"a peculiar acute arching of the upper eyelid."
A trace of this may be observed by comparing the right and left
eyelids of the young man in the photograph (fig. 2, Plate II.);
for he was not able to act equally on both eyebrows. This is also
shown by the unequal furrows on the two sides of his forehead.
The acute arching of the eyelids

see more especially Sir C. Bell, `Anatomy of Expression,' 3rd edit.
1844, p. 151. depends, I believe, on the inner end alone of the eyebrows
being raised; for when the whole eyebrow is elevated and arched,
the upper eyelid follows in a slight degree the same movement.

But the most conspicuous result of the opposed contraction of the above-named
muscles, is exhibited by the peculiar furrows formed on the forehead.
These muscles, when thus in conjoint yet opposed action, may be called,
for the sake of brevity, the grief-muscles. When a person elevates
his eyebrows by the contraction of the whole frontal muscle,
transverse wrinkles extend across the whole breadth of the forehead;
but in the present case the middle fasciae alone are contracted;
consequently, transverse furrows are formed across the middle
part alone of the forehead. The skin over the exterior parts
of both eyebrows is at the same time drawn downwards and smooth,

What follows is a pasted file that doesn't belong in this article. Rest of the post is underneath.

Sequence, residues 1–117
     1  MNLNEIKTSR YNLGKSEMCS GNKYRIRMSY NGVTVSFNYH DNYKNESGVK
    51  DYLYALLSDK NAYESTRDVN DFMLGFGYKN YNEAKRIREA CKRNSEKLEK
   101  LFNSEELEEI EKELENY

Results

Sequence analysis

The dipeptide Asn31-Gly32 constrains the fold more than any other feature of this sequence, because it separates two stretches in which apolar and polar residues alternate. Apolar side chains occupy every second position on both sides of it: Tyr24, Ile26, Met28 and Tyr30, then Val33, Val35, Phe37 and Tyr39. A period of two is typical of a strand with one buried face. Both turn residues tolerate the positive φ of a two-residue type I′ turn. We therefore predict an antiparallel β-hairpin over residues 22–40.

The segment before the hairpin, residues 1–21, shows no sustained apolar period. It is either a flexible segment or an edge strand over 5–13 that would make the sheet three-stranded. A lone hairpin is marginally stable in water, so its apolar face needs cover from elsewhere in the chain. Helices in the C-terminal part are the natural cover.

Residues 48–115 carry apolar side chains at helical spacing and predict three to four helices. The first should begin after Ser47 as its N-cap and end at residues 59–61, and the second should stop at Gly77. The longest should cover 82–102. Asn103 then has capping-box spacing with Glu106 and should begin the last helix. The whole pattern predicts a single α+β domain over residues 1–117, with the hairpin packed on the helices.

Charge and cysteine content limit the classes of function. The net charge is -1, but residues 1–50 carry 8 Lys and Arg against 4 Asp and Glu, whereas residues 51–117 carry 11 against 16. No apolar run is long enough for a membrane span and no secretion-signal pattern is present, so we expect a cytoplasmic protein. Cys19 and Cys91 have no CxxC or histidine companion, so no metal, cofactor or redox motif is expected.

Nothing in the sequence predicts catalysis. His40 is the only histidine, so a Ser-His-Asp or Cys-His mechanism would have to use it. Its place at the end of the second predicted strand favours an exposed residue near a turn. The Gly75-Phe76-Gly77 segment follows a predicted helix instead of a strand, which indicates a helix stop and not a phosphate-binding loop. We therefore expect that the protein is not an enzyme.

by the contraction of the outer portions of the orbicular muscles.
The eyebrows are likewise brought together through the simultaneous
contraction of the corrugators;[3] and this latter action generates
vertical furrows, separating the exterior and lowered part of the skin
of the forehead from the central and raised part. The union of these
vertical furrows with the central and transverse furrows (see figs.
2 and 3) produces a mark on the forehead which has been compared
to a horse-shoe; but the furrows more strictly form three sides
of a quadrangle. They are often conspicuous on the foreheads of adult
or nearly adult persons, when their eyebrows are made oblique;
but with young children, owing to their skin not easily wrinkling,
they are rarely seen, or mere traces of them can be detected.

These peculiar furrows are best represented in fig. 3, Plate II.,
on the forehead of a young lady who has the power in an unusual
degree of voluntarily acting on the requisite muscles.
As she was absorbed in the attempt, whilst being photographed,
her expression was not at all one of grief; I have therefore
given the forehead alone. Fig. 1 on the same plate, copied from
Dr. Duchenne's work 4 represents, on a reduced scale, the face,
in its natural state, of a young man who was a good actor.
In fig. 2 he is shown simulating grief, but the

[3] In the foregoing remarks on the manner in which the eyebrows
are made oblique, I have followed what seems to be the universal
opinion of all the anatomists, whose works I have consulted on
the action of the above-named muscles, or with whom I have conversed.
Hence throughout this work I shall take a similar view of the action